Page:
This is probably my favorite picture. Perhaps it’s my own projection of her actual sentiment, but, I can’t help but think she’d sure like to play with that big orange ball. If only it weren’t so darned immovable…

Little help please? It’s too heavy to move by myself.

NIKON D70, ISO 200, ƒ/4.5, 1/160sec, 40mm focal L., map

Park Date

We did something today that I have been remiss in doing lately. We went to the park. My favorite park for little crawlers and just standers and the big sister that travels with them.

It was a beautiful day for it. Sunshine, cool breeze, temperate weather. The time was right…after lunch so it was very quiet. The girls had a fantastic time. Elise and Stella both loved the swings. Elsie has been loving them, but this is a new development for Stella. Stella spent the entire time laughing her perfect baby laugh, laughing to the point where she gave herself the hiccups…which only made her laugh  louder.

After swings we went to the small child play area with a large sandy area that is partially shaded. There is a small climbing structure with a “Maia sized house” and slide. Maia loves the play structure and Stella and Elise enjoyed the sand, both giving a shovel a try. They then scooped sand and, wonder of wonders, put it into their small buckets and not into their mouths. Yay!

Then it was teeter-totter time. This teeter-totter is really a cantilever type beam with a spring in the middle, so it bounces as opposed to moving the kids up and down in the air. Better for little ones. Elise loves to pull herself up by the seats and make the whole thing bounce and once she realized she could sit on the seat and bounce big time I had a hard time convincing her to do anything else. At one point she even tried to throw her little leg over the saddle herself, but the seat is still a bit high for her.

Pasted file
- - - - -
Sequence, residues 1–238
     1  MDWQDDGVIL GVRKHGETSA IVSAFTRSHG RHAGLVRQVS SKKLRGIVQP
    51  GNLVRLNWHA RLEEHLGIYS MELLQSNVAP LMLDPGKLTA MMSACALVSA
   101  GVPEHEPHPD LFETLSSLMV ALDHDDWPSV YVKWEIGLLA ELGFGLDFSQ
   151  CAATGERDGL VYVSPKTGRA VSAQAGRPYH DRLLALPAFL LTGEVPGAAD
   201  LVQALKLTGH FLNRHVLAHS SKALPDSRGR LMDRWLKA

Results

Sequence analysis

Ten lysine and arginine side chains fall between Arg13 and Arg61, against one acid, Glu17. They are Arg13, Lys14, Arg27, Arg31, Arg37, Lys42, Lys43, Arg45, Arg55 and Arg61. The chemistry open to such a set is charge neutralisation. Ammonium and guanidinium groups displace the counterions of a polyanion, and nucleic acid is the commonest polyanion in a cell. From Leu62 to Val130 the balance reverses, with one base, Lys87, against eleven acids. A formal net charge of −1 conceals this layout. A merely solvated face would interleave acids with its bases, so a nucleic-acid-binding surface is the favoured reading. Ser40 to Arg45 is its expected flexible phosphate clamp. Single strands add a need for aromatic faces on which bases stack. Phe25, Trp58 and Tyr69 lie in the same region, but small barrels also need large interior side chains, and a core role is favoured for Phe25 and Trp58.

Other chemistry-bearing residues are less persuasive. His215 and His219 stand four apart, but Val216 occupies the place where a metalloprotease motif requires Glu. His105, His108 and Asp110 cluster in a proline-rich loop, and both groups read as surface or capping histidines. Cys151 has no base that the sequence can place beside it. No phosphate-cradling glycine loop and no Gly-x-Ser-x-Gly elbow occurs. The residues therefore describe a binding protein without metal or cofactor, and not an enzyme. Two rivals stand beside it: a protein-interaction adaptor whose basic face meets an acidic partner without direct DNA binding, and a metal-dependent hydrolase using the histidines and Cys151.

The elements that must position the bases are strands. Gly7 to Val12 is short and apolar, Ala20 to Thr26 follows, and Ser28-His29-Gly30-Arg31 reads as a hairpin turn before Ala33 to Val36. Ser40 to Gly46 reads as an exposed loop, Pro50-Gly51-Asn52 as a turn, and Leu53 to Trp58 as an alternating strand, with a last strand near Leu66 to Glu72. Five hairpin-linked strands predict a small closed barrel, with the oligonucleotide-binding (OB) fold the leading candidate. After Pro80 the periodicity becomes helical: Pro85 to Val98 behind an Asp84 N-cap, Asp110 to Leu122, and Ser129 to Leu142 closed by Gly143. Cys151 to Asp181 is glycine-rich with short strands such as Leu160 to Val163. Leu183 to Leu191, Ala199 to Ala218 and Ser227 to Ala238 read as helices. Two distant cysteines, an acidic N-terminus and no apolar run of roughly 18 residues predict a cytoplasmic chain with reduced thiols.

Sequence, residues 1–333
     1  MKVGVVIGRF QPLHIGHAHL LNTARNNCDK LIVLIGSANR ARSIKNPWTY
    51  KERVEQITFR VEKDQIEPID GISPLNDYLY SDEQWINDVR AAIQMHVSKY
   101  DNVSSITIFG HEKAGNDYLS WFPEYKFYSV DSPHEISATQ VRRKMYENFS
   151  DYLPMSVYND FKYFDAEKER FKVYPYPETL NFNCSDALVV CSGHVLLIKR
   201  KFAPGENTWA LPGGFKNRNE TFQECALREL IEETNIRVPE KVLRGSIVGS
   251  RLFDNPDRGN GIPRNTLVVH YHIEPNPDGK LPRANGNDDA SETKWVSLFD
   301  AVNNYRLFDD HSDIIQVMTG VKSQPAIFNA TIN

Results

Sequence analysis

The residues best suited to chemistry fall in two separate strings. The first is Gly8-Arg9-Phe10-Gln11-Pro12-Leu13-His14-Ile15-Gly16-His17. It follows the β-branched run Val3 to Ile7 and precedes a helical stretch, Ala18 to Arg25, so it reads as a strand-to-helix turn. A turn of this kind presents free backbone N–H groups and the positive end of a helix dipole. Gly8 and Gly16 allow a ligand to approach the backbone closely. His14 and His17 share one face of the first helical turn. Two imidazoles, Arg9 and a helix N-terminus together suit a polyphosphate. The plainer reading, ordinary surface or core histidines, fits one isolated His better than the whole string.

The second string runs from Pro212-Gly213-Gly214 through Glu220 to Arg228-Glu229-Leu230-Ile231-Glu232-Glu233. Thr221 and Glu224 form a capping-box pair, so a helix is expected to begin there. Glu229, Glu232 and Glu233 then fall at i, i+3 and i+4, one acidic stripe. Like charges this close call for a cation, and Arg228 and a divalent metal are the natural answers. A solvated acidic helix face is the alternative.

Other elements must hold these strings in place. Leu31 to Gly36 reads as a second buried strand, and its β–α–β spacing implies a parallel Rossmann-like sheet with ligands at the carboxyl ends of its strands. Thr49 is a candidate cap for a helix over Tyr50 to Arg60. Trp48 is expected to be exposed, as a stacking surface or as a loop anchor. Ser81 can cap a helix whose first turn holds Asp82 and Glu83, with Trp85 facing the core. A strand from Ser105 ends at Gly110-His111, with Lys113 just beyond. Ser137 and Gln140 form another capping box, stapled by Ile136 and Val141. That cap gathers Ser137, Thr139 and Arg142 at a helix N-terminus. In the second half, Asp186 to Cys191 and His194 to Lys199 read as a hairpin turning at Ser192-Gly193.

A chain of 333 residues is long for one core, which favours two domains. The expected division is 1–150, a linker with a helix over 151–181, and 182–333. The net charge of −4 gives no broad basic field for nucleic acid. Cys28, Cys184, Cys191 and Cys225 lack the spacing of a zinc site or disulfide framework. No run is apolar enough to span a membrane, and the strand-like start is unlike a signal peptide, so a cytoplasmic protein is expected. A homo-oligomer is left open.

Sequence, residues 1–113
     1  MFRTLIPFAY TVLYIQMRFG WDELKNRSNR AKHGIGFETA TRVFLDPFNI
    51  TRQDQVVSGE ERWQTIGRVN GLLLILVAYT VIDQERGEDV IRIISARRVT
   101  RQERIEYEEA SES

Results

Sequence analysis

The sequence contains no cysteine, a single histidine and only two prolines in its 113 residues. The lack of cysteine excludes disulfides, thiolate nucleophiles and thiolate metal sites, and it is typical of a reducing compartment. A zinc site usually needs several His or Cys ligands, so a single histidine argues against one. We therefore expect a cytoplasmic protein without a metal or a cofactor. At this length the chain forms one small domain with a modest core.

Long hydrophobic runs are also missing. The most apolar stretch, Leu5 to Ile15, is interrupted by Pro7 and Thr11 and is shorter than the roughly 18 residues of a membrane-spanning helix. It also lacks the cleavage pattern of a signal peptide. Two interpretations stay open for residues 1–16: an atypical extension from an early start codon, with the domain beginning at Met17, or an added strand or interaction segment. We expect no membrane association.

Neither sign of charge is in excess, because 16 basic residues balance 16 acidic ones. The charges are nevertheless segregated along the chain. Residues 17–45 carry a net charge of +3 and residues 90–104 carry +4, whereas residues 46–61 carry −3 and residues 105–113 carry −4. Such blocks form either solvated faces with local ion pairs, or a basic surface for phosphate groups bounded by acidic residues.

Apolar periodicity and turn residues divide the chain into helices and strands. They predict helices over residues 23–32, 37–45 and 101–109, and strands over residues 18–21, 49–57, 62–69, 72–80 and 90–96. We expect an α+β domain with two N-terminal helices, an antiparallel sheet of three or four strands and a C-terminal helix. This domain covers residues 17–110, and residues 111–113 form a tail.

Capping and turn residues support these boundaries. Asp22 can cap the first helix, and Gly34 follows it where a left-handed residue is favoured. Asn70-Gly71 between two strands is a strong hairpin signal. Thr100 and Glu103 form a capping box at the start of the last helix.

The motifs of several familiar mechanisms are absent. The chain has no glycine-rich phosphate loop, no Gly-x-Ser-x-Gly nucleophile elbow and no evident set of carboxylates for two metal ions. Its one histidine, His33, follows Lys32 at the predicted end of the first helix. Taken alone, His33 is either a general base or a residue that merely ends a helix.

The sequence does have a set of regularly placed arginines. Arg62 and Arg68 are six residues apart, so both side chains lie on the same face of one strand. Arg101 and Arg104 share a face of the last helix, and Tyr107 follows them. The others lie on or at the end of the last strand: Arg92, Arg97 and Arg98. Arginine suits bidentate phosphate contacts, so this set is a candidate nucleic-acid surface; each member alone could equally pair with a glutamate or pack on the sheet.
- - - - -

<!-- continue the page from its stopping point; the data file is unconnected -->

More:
Stella also enjoyed the bouncy teeter-totter, but not as much as she enjoyed the sand area and flirting with the other moms and grandmas. Stella was holding court with her bucket and shovel. She’d do peek-a-boo and then smile and look away and then laugh as the other women coo’d at her. She was just too cute, and we almost lost her to the grandma who just wanted to take her home.

There were tears all around when we had to head out. I’m thinking that’s a good thing, in a way, because all the girls had such a good time playing.

And Then There Were Three…Four, Five, Six!

True to form, Stella does things late but makes up for the timing with intensity. She’s gone form only having her two bottom teeth to pushing her top incisor a few weeks ago to her current state of having the rest of her top front teeth poking on through. That’s two front and one more incisor coming down the pipeline. Sheesh! No wonder she was a grumpy gal all of last week.